Once you make your experience, you can create it as a match to let other people play if you so choose (you can also password-protect your matches so only you and your friends can play if you prefer, and you can potentially even play in experiences alone against AI if you'd rather do that). Portal will make community-made experiences available on what looks a lot like a traditional server list, and you'll be able to search through it based on tags for the elements included, like specific eras and maps, or the rules in play, such as allowing for friendly fire. There will also be developer-created experiences you can try, and Ripple Effect will also highlight community creations the developers particularly like, or which are particularly popular among players. All community experiences are credited to their creators, too, so you can be sure everyone knows what you've made.
Because Portal allows you to change the parameters of Battlefield matches pretty extensively, it's easy to assume that the mode would be separated from the rest of Battlefield 2042's multiplayer suite when it comes to earning experience, unlocking weapons and equipment, and advancing the game's season pass offerings. But Ripple Effect clarified that that's not the case--you'll still be able to earn experience points while playing in most Portal matches.
"Whether you're playing in All-Out Warfare, you're playing in Hazard Zone, or you're playing in Portal, you're earning XP because I think it would be tragic to have this time-limited, let's say battle pass, and you're feeling like you should not play Battlefield Portal because you're afraid that you're not going to make progress, you're not going to be able to unlock all the cool stuff," Wiebe said. "So for us, it was a huge priority to make sure that no matter where you play the game, you're going to earn XP, you're going to progress your battle pass, and you're going to unlock your cool attachments and stuff. Now, we know by the nature of a builder, people are going to make things that maybe can inflate the XP earn rate and things like that. So we've built in certain safeties, I would call them, in order to protect the experience--so people can try, but they won't be able to exploit it too badly. But the most important thing is people's time will be valued and that they will be able to contribute and earn the rewards and progress no matter where they play in the game."
"The most important thing is people's time will be valued and that they will be able to contribute and earn the rewards and progress no matter where they play in the game."
What's more, Ripple Effect said, the gear you unlock as you play and the new Operators that become available across Battlefield 2042's seasons will also unlock in Portal, so you'll have access to new elements in the builder as they come into the game.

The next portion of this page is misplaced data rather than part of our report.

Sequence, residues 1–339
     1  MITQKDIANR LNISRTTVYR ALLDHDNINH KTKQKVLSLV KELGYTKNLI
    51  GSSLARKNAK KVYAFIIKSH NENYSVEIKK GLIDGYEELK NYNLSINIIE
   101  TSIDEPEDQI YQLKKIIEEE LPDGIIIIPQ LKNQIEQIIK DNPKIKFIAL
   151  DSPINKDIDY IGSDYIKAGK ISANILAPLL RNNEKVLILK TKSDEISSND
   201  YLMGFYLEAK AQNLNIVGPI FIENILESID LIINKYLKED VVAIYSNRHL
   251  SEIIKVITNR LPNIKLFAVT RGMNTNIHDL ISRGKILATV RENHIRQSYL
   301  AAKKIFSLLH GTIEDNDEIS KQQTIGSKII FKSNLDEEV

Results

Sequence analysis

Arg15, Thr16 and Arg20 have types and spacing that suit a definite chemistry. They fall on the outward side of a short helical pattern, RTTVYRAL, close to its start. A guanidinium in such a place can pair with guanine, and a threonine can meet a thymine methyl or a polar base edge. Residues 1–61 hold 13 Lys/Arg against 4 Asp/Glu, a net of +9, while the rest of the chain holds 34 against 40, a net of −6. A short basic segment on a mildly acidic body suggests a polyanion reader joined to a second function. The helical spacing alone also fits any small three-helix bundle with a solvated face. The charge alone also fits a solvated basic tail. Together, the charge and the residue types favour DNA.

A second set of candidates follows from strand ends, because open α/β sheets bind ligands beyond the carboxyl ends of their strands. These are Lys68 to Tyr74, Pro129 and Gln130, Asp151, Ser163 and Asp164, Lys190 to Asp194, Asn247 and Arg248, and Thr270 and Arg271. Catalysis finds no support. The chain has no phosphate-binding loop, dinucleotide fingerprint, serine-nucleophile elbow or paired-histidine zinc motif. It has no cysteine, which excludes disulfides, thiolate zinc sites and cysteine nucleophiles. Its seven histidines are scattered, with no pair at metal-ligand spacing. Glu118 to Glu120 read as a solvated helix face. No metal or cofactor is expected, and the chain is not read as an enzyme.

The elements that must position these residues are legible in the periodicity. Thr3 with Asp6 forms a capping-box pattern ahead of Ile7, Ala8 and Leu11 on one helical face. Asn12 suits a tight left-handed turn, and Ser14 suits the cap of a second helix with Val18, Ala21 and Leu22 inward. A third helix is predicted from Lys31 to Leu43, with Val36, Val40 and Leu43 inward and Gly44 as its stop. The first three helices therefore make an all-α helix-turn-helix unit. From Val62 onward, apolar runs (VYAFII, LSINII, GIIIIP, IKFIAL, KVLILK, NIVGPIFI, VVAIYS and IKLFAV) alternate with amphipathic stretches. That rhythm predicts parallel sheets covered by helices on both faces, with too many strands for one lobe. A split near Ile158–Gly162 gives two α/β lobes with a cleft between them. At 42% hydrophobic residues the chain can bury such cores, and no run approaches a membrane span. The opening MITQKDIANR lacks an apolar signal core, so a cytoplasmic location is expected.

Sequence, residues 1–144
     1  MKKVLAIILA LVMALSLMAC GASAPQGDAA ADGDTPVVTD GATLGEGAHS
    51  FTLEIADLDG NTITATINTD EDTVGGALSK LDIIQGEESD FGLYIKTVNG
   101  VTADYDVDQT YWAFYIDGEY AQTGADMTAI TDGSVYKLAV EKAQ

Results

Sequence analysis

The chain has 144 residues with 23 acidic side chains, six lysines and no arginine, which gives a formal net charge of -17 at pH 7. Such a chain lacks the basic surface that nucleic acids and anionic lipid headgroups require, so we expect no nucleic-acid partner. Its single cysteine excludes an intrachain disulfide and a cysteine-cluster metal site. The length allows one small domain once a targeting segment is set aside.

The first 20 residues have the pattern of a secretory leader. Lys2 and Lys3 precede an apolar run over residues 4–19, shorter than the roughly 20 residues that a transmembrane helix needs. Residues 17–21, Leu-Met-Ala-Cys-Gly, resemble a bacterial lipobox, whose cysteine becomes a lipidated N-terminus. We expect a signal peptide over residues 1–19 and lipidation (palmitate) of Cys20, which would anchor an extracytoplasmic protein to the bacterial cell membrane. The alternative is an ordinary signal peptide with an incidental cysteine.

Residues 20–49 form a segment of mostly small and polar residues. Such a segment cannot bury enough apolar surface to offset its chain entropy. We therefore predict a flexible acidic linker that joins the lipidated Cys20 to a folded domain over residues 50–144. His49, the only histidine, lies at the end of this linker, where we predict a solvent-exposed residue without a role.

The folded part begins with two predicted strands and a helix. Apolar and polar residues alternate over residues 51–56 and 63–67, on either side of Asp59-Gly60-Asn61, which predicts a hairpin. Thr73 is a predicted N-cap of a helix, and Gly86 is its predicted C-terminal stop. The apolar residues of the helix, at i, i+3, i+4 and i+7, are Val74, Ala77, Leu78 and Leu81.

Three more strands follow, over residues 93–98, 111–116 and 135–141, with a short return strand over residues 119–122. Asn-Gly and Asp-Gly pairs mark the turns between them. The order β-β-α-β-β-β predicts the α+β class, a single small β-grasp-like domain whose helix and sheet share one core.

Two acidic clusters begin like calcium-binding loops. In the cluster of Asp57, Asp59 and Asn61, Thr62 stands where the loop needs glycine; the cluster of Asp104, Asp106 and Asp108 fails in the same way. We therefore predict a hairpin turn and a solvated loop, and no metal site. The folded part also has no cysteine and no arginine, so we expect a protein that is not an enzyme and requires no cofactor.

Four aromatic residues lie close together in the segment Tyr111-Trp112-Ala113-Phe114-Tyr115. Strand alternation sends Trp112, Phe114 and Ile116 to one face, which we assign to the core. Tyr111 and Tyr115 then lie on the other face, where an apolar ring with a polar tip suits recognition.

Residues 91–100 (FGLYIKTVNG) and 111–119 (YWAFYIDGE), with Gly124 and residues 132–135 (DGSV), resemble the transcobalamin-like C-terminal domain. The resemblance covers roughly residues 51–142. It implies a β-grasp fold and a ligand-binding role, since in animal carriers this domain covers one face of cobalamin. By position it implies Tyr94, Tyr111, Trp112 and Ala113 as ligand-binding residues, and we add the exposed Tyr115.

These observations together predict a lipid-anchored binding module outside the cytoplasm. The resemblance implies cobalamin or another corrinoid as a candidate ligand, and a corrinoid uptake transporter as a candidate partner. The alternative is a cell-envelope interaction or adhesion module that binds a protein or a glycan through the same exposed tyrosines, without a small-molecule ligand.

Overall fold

Portal isn't quite as robust as, say, full-on modding tools, as it carries a few key limitations. Currently, you can choose which era of Battlefield to draw characters, equipment, and vehicles from for each team, but you can't mix those elements together on a single team. You can edit the logic of the match, which lets you mess with the rules, but there's no spacial editor--so you can't create your own battle royale mode for Battlefield, Wiebe told GameSpot, since you can't place items on the map itself or adjust the respawn pool.
But as Ripple Effect noted repeatedly during its presentation, this is just the "start of the journey" for Portal. The developer said it'll be paying attention to how players use Portal once Battlefield 2042 launches, while also responding to feedback and requests to add features down the line. Wiebe said Ripple Effect is looking to build a platform for the community to interact with the developer, where Ripple Effect can take feedback and suggestions and keep the community informed on what changes might come to Portal in the future, and why they are (or aren't) being added.
And it sounds like there's a lot you can do with logic editing in Portal, and while you can't completely mod the game, you can drastically change the experience. Wiebe mentioned an experience he'd recently played that another developer had created, called Gunfection, that demonstrated some of the weird things that are possible with Portal.
"You can imagine it's a Gun Game-slash-Infection mode, which I was just like, okay, how's this going to work? And the way it works is basically one team starts off playing Gun Game [a popular shooter mode in which players' weapons periodically get swapped] and almost everybody is playing that, except for one player who's on the Infection team. And so while everybody's playing Gun Game, rotating through guns as they get kills, any time they get killed by the infected player, they actually become infected.
"And the infected are these crazed mechanics with drills. That's all they got, and super speed. So they're running around with drills, trying to drill people and trying to kill them. And so all of a sudden you have fewer and fewer people playing Gun Game and more infected crazy mechanics coming at you, until there's sort of the last man standing playing Gun Game. And it just opened my eyes to the potential of this thing where you took two completely different game modes and you just mashed them together and created an entirely new experience. And that kind of was the moment, I'd say, for me, where I was like, holy crap, we've got something special on our hands here."